Isabel took a drive alone that afternoon; she wished to be far away, under the sky, where she could descend from her carriage and tread upon the daisies. She had long before this taken old Rome into her confidence, for in a world of ruins the ruin of her happiness seemed a less unnatural catastrophe. She rested her weariness upon things that had crumbled for centuries and yet still were upright; she dropped her secret sadness into the silence of lonely places, where it?s very modern quality detached itself and grew objective, so that as she sat in a sun-warmed angle on a winter's day, or stood in a moldy church to which no one came, she could almost smile at it and think of its smallness. Small it was, in the large Roman record, and her haunting sense of the continuity of the human lot easily carried her from the less to the greater. She had become deeply, tenderly acquainted with Rome; it interfused and moderated her passion. But she had grown to think of it chiefly as the place where people had suffered. This was what came to her in the starved churches, where the marble columns, transferred from pagan ruins, seemed to offer her a companionship in endurance and the musty incense to be a compound of long-unanswered prayers. There was no gentler nor less consistent heretic than Isabel; the firmest of worshippers, gazing at dark altar-pictures or clustered candles, could not have felt more intimately the suggestiveness of these objects nor have been more liable at such moments to a spiritual visitation.

It often seemed to her that she thought too much about herself, you could have made her blush any day of the year, by telling her she was selfish. She was always planning out her own development, desiring her own perfection, observing her own progress. Her nature had for her own imagination a certain garden-like quality, a suggestion of perfume and murmuring bows, of shady bowers and of lengthening vistas, which made her feel that introspection was, after all, an exercise in the open air, and that a visit to the recesses of one?s mind was harmless when one returned from it with a lapful of roses.

It's a complex fate, being an American, and one of the responsibilities it entails is fighting against a superstitious valuation of Europe.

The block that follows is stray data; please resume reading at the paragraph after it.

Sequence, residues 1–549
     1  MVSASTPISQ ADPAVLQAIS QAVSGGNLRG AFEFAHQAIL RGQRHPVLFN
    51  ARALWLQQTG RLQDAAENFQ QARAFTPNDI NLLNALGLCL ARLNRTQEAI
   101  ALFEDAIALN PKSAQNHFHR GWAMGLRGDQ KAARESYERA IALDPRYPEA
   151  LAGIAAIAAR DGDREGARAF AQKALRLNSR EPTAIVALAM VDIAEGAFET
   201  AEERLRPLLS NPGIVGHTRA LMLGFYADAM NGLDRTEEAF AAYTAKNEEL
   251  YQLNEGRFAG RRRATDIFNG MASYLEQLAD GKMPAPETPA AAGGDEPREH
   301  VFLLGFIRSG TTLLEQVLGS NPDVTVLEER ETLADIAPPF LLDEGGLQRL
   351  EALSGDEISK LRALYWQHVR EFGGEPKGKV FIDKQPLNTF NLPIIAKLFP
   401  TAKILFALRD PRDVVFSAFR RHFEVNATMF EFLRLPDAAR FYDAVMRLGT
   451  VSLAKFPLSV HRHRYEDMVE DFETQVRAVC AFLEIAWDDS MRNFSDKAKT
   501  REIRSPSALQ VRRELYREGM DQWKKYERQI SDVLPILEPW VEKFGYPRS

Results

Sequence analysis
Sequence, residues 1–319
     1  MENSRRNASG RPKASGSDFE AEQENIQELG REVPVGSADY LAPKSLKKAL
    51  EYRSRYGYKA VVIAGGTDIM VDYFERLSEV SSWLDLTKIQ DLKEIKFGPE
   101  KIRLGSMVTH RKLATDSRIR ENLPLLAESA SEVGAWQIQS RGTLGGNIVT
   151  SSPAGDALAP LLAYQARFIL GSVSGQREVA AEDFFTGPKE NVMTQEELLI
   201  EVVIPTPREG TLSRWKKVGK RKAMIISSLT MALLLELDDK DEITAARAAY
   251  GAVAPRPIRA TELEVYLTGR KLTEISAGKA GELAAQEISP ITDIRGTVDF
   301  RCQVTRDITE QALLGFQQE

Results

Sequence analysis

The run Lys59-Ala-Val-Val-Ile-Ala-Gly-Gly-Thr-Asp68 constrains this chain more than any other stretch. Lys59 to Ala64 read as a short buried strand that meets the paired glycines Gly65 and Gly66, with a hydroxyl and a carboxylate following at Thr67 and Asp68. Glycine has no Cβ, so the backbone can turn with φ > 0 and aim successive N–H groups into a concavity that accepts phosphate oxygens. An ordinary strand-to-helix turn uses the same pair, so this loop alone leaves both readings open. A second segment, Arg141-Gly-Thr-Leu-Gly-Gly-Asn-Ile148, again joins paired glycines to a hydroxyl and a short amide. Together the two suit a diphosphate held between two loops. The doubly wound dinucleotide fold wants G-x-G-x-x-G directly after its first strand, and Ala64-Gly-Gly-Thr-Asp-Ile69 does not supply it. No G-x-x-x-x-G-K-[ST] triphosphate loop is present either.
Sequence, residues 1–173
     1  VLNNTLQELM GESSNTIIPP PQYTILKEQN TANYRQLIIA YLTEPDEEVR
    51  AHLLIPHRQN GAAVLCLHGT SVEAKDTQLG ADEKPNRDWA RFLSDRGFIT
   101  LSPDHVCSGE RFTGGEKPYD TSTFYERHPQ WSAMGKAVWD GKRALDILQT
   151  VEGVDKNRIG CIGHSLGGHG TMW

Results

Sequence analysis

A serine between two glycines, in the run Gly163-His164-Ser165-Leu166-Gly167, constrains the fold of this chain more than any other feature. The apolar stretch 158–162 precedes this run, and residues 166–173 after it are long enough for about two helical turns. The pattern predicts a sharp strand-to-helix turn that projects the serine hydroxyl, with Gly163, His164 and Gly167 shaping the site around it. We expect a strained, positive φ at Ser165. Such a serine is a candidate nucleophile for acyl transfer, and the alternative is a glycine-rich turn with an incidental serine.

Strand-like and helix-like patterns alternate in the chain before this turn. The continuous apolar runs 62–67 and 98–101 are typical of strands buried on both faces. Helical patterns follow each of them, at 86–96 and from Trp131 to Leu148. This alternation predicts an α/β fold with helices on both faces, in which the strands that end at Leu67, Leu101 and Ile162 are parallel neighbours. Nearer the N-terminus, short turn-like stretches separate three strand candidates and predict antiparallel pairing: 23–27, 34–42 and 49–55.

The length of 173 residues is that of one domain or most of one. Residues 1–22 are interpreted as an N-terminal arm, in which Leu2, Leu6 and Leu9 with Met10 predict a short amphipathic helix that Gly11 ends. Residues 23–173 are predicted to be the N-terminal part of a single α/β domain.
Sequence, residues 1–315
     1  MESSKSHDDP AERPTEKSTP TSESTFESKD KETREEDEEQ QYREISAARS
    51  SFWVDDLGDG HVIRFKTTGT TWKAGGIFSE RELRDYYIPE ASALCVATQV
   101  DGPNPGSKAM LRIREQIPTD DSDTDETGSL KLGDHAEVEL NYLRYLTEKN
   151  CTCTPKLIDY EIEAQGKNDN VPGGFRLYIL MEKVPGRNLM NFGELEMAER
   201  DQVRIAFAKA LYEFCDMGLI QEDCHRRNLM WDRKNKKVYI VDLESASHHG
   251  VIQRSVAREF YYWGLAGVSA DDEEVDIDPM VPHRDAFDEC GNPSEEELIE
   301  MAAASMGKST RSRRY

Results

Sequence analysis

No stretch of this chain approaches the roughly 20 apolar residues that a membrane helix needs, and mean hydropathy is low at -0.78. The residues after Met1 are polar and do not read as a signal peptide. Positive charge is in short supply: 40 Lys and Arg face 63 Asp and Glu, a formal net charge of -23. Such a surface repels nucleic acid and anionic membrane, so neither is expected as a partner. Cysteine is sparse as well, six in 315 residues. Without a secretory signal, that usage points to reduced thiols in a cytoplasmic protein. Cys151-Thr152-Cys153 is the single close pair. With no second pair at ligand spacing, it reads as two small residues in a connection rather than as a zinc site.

London is on the whole the most possible form of life.

My first impulse is always to behave, about everything, as if I feared complications. But I don't fear them? I really like them. They're quite my element.

Oh, said Catherine, with some eagerness, it doesn't take long to like a person?when once you begin.

Really, universally, relations stop nowhere, and the exquisite problem of the artist is eternally but to draw, by a geometry of his own, the circle within which they shall happily appear to do so.

She had never yet encountered a personage so exotic, and she always felt more at ease in the presence of anything strange. It was the usual things of life that filled her with silent rage; which was natural enough inasmuch as, to her vision, almost everything that was usual was inqiuitous.

I still, in presence of life... have reactions ? as many as possible... It's, I suppose, because I am that queer monster, the artist, an obstinate finality, an inexhaustible sensibility. Hence the reactions ? appearances, memories, many things, go on playing upon it with consequences that I note and "enjoy" (grim word!) noting. It all takes doing ? and I do. I believe I shall do yet again ? it is still an act of life.

Author Picture
First Name
Henry
Last Name
James
Birth Date
1843
Death Date
1916
Bio

Anglo-American Novelist, son of Henry James, Sr. and brother of philosopher and psychologist William James and diarist Alice James